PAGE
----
The Eco News Roundup brings stories and commentary about issues related to climate change, renewable energy and the environment.


Time Is Running Out To Save Florida’s Oranges

It’s not been a good year for Florida’s citrus industry. The U.S. Department of Agriculture reports that, for the second year running, the orange crop is expected to be almost 10 percent lower than the previous year.

The culprit is citrus greening, a disease that has devastated Florida’s oranges and grapefruits, and has now begun to spread in Texas and California.

See Also: Citrus Greening (Huanglongbing)

Dear Donald Trump: Winter Does Not Disprove Global Warming

An intense blizzard, appropriately named Hercules, is about to blanket the Northeast. Antarctic ice locked in a Russian ship containing a team of scientists—en route, no less, to do climate research. Record low temperatures have been seen in parts of the US, and in Winnipeg, temperatures on December 31 were as cold as temperatures on…Mars.

So as is their seasonal wont, here come the climate skeptics.

Antarctic Sea Ice Increase is Because of Weather, Not Climate

The predicament and subsequent rescue of 52 passengers – both tourists and scientists – on the Russian ship Academik Shokalskiy has gripped media around the world. The smooth rescue was impressive and a great relief, although the vessel itself and its crew are still stuck – and now one of the icebreakers sent to help in the rescue, the Chinese ship Xue Long, is itself stuck in the ice.

Some commentators have remarked on what they describe as the ‘irony’ of researchers studying the impact of a warming planet themselves being impeded by heavy ice. With some even suggesting that the situation is itself evidence that global warming is exaggerated.

In fact, the local weather patterns that brought about the rapid build up of ice that trapped the Academik Shokalskiy tell us very little about global warming. This is weather, not climate.

With few hard frosts, tropical mangroves push north

Cold-sensitive mangrove forests have expanded dramatically along Florida’s Atlantic Coast as the frequency of killing frosts has declined, according to a new study based on 28 years of satellite data from the University of Maryland and the Smithsonian Environmental Research Center in Edgewater, Md. Between 1984 and 2011, the Florida Atlantic coast from the Miami area northward gained more than 3,000 acres (1,240 hectares) of mangroves. All the increase occurred north of Palm Beach County. Between Cape Canaveral National Seashore and Saint Augustine, mangroves doubled in area. Meanwhile between the study’s first five years and its last five years, nearby Daytona Beach recorded 1.4 fewer days per year when temperatures fell below 28.4 degrees Fahrenheit (-4 degrees Celsius). The number of killing frosts in southern Florida was unchanged.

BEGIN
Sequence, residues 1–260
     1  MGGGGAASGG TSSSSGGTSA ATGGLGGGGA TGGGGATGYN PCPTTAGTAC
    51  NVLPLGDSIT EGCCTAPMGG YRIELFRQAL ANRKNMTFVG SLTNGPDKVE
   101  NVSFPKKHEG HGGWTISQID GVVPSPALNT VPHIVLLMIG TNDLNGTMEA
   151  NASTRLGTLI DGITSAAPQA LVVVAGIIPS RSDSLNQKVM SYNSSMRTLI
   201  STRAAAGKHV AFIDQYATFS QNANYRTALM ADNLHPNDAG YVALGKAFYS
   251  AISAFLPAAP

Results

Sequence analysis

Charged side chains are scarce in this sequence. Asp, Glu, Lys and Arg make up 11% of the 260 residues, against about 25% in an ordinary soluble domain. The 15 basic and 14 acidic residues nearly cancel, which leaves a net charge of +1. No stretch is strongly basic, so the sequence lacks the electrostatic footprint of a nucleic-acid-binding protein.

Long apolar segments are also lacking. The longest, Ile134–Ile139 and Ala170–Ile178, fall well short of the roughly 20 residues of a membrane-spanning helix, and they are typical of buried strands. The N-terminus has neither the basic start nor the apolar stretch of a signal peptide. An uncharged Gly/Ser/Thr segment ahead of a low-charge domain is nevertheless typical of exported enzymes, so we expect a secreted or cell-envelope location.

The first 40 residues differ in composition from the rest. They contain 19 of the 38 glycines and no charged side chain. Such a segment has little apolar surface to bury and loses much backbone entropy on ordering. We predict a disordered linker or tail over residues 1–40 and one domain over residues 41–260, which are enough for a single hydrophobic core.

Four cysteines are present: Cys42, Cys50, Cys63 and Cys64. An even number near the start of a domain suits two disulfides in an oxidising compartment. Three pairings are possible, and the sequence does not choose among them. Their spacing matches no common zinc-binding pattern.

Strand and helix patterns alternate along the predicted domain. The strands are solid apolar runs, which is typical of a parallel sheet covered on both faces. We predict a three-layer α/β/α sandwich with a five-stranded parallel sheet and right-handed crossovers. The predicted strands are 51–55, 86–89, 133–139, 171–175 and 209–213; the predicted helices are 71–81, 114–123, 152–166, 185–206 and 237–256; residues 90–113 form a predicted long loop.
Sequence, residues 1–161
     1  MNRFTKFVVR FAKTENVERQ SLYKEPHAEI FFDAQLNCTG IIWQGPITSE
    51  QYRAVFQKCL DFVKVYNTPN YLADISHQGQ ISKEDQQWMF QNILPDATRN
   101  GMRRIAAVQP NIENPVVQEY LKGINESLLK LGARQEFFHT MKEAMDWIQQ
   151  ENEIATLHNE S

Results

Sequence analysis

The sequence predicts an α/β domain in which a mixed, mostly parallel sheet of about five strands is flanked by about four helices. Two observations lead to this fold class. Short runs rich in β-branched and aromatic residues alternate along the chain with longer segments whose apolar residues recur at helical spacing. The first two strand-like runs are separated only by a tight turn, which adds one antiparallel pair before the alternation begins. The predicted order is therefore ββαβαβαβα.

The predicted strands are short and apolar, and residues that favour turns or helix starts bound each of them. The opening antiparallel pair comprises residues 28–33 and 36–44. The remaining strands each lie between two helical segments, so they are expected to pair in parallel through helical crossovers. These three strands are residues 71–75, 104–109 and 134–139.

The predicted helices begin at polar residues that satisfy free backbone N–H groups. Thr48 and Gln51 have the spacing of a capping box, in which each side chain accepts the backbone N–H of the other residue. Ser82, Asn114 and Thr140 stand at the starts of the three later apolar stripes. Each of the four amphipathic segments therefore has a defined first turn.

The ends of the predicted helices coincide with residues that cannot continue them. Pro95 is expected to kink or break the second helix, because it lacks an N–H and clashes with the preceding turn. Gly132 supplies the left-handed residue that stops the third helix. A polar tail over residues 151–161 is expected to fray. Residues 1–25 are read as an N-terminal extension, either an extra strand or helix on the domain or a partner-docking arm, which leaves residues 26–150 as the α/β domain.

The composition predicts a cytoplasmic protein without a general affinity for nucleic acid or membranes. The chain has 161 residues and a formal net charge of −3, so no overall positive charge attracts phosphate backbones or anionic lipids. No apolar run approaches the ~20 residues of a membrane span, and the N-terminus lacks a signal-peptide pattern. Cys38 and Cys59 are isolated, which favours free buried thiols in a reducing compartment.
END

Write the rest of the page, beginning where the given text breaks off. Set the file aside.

Local factors cause dramatic spikes in coastal ocean acidity

A new Duke University-led study has documented dramatic, natural short-term increases in the acidity of a North Carolina estuary. “The natural short-term variability in acidity we observed over the course of one year exceeds 100-year global predictions for the ocean as a whole and may already be exerting added pressure on some of the estuary’s organisms, particularly shelled organisms that are especially susceptible to changes in pH,” said Zackary I. Johnson, Arthur P. Kaupe Assistant Professor of Molecular Biology at Duke’s Nicholas School of the Environment.

Cloud mystery solved: Global temperatures to rise at least 4°C by 2100

Global average temperatures will rise at least 4°C by 2100 and potentially more than 8°C by 2200 if carbon dioxide emissions are not reduced according to new research published in Nature. Scientists found global climate is more sensitive to carbon dioxide than most previous estimates. The research also appears to solve one of the great unknowns of climate sensitivity, the role of cloud formation and whether this will have a positive or negative effect on global warming.

Pine Island Glacier sensitive to climatic variability

A new study published in Science this month suggests the thinning of Pine Island Glacier in West Antarctica is much more susceptible to climatic and ocean variability than at first thought. Observations by a team of scientists at British Antarctic Survey, and other institutions, show large fluctuations in the ocean heat in Pine Island Bay. The team discovered that oceanic melting of the ice shelf into which the glacier flows decreased by 50 per cent between 2010 and 2012, and this may have been due to a La Ninã weather event. Pine Island Glacier has thinned continuously during past decades driven by an acceleration in its flow. The acceleration is thought to be caused by thinning of the floating ice shelf created as the glacier slides into the sea. Understanding the processes driving ice shelf thinning and the glacier’s response is key to assessing how much it will contribute to rising sea levels.


At BPI Campus our Progressive Agenda is:
1. People matter more than profits.
2. The earth is our home, not our trash can.
3. We need good government for both #1 and #2.


 

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